A collection of poems & drawings edited by Anne Fellner.
Publication launched May 31, 2014
Sub Rosa is based on the concept of an autograph book or the more popular German “Poesiealbum”, a small book or loosely bound collection of pages for collecting sentimental mementos such as poems, sketches, quotes or simply autographs from friends, family members and colleagues. A simple password is required to view the book. The password is “Rose”.
The Latin phrase “sub rosa”, in English “beneath the rose” means: in secret, privately. All contributors were invited via personal invitation to send a submission of their choice for the publication. The resulting collection features works of 59 individuals – friends, family members, poets and visual artists. A publication launch was held at Rosengarten in the park Humboldthain in Berlin.
Sub Rosa features works by
Alex Turgeon, Alex Vivian, Alina Gregorian, Allison Katz, Annie Pearlman, Antoine Renard, Armen Eloyan, Aude Pariset, Bunny Rogers, Burkhard Beschow, Célestin Krier, Christian Oldham, Christopher LG Hill, Clémence de La Tour du Pin, Clemens Reinecke, Cosima zu Knyphausen, David Rappeneau, Edward Marshall Shenk, Emma Talbot, Erik Stinson, Felix Amerbacher, Florent Dubois, Hanna Hur, Harry Burke, Honza Zamojski, Inga Kerber, Inger Wold Lund, J. Gordon Faylor, Jaakko Pallasvuo, Jennifer Chan, John Henry Newton, Jordan Kasey, Joshua Abelow, Joyce Depue, Karolina A., Katherine Botten, Katherine Poe, Keith J. Varadi, Kristina Lee, Lauren Cook, Leslie Weibeler, Lina Leang Chung, Luis Vassallo, Johannes Kaufmann + Manuel Stehli, Marisa Takal, Mary Wichmann, Maximilian Roganov, Michael O’Mahony, Nicholas Verstraeten, Nick Payne, Odayaka, Olivia Dunbar, Pia Christmann, Sanya Kantarovsky, Sigtryggur Berg Sigmarsson, Stephen Booth, Tom Fellner, Vincent de Hoÿm and and Vittorio Brodman
Names featured in our manoeuvres
It must have been summer. I bought a few canvases and some acrylic paint. Then I cleared a corner in the living room and started to paint. It was terrible. I am not talking about the act of putting paint on canvas. No, that was great actually. I am talking about the paintings. I threw them in the garbage when I moved away that winter.
Years later I thought: did my true life-purpose elude me back then? Could I have been, unconsciously, a master of the craft? Am I not a painter-like character?
Walter Benjamin’s writings on materialist theology describe the messianic kingdom as exactly the same as our world, but with a “small adjustment” of everything. In Meeting, Hendrik Niefeld asks a mundane question that takes him on a significantly less mundane quest: “what if everything had been slightly different and I had become a painter?”
The publication critically reflects on art practice, by committing itself to a radical thought experiment. It is just as much a meeting with the five selected artists as it is a meeting with the author himself, as each of the interviewed subjects reflects – and not just statistically (they are all young, white males) – the self-satisfying psychoanalytic journey of understanding oneself through others. Meeting begins with a selfie.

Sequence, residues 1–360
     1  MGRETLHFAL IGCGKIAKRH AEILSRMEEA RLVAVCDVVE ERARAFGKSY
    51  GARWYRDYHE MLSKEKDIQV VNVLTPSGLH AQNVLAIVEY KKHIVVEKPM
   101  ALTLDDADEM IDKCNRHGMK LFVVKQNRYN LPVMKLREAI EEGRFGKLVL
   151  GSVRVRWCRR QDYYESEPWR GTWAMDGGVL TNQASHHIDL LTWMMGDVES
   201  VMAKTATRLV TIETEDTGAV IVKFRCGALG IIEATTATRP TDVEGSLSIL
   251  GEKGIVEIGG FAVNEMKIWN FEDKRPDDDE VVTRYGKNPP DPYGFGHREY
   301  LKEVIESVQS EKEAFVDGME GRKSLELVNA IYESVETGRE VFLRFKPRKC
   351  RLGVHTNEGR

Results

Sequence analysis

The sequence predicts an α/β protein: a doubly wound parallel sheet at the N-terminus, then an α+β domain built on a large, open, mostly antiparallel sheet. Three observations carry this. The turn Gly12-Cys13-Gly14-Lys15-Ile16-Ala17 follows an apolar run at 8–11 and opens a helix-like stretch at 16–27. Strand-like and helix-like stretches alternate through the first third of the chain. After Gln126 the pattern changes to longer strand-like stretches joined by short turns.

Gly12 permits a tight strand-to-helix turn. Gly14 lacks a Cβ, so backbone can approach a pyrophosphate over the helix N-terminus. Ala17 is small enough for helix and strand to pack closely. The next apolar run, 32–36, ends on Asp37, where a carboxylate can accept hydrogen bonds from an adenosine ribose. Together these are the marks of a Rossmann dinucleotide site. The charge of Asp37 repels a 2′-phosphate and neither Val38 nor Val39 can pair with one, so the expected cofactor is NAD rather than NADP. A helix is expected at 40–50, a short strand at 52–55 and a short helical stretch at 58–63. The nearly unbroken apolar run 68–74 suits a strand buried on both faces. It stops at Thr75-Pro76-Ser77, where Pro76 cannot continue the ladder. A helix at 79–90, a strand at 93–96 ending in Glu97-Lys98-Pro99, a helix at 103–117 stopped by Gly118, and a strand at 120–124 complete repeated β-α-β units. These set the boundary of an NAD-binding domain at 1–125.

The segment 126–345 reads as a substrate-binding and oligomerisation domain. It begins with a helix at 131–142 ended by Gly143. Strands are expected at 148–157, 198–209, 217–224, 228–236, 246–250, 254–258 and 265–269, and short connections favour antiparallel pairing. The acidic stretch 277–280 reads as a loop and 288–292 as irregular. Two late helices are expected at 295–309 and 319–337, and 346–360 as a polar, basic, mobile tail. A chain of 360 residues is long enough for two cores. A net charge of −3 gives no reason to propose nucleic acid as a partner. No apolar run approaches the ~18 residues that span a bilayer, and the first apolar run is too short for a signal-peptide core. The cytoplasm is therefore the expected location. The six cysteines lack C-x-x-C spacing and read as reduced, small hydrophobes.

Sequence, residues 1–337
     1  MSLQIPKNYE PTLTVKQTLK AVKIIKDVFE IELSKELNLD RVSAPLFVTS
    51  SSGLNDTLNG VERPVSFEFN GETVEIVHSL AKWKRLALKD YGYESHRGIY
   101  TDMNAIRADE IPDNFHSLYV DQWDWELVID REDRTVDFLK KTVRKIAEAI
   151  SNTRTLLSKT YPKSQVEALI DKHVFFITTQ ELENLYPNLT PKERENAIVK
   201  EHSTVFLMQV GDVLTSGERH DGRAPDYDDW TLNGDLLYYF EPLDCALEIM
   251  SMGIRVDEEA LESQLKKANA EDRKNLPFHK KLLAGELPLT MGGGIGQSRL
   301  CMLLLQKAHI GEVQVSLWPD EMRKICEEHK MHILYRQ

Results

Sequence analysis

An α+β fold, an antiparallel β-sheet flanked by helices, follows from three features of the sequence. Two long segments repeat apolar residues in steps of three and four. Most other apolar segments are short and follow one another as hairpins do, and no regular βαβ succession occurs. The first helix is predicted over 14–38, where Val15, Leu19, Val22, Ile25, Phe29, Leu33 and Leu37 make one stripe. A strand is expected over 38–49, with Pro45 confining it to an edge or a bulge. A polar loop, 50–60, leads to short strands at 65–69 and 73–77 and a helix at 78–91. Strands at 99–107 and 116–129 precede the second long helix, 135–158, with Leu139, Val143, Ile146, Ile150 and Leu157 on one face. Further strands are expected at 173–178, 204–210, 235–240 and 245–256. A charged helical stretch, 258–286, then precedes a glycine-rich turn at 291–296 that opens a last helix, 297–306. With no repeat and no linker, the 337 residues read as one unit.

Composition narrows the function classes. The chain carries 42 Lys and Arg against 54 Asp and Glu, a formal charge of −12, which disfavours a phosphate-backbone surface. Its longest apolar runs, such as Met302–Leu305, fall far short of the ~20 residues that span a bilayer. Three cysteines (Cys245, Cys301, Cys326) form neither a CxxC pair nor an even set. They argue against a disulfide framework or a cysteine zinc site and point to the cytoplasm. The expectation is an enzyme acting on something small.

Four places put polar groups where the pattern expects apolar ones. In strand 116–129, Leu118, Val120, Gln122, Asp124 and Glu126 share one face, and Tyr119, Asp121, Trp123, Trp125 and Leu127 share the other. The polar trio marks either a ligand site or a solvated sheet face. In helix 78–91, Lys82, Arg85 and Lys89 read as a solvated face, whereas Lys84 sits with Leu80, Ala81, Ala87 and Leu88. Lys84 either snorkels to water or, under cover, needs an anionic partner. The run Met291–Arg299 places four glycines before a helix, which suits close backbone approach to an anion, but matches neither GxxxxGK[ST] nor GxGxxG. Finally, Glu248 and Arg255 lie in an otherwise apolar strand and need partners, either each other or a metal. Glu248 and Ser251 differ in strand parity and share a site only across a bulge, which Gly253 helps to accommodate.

The curation of materials is also a psychological undertaking: each interviewee is asked to arrange a selection of works by other artists, and fill out a kind of identification form. From this we get a sample of their idiosyncratic handwriting, a window into their thought process. In fact, for all the focus on painting, we see few uncontextualized images of the artists’ painted works. The content of the short interviews becomes quite crucial, while the artists divulge their distinctive working habits that might provide the key, for Niefeld, to their painterly personalities.
Conor Backman discusses the problems of translation inherent in documentation, Clemens Reinecke muses on envy and temptation, while Israel Lund’s responses remain empty in an elusive gesture. In each case, the painter grapples with or integrates the unavoidable omnipresence of the internet. As Meeting is only available online, digital translation and the cult of the artist are central themes that, when addressed, bring renewed relevance to painting as an escapist contemporary medium.
As with other publications by Info Punkt, like the Bonus Material series, the documentation is aesthetically crude. Images of the artists’ studios appear typically cluttered – the process is revealed without intervention or glorification of the craft. Rather, we get a sense of the banalities of the everyday, those elements that hold the promise of a small adjustment, a potentially different reality – not necessarily better but different. A world in which Hendrik Niefeld was a painter.
Clemens Reinecke, Conor Backman, Israel Lund, Travess Smalley and Jochen Plogsties interviewed by Hendrik Niefeld, accompanied with a text by Alison Hugill
PDF – 11,5 MB – 85 pages – English and German – Published December 6th, 2014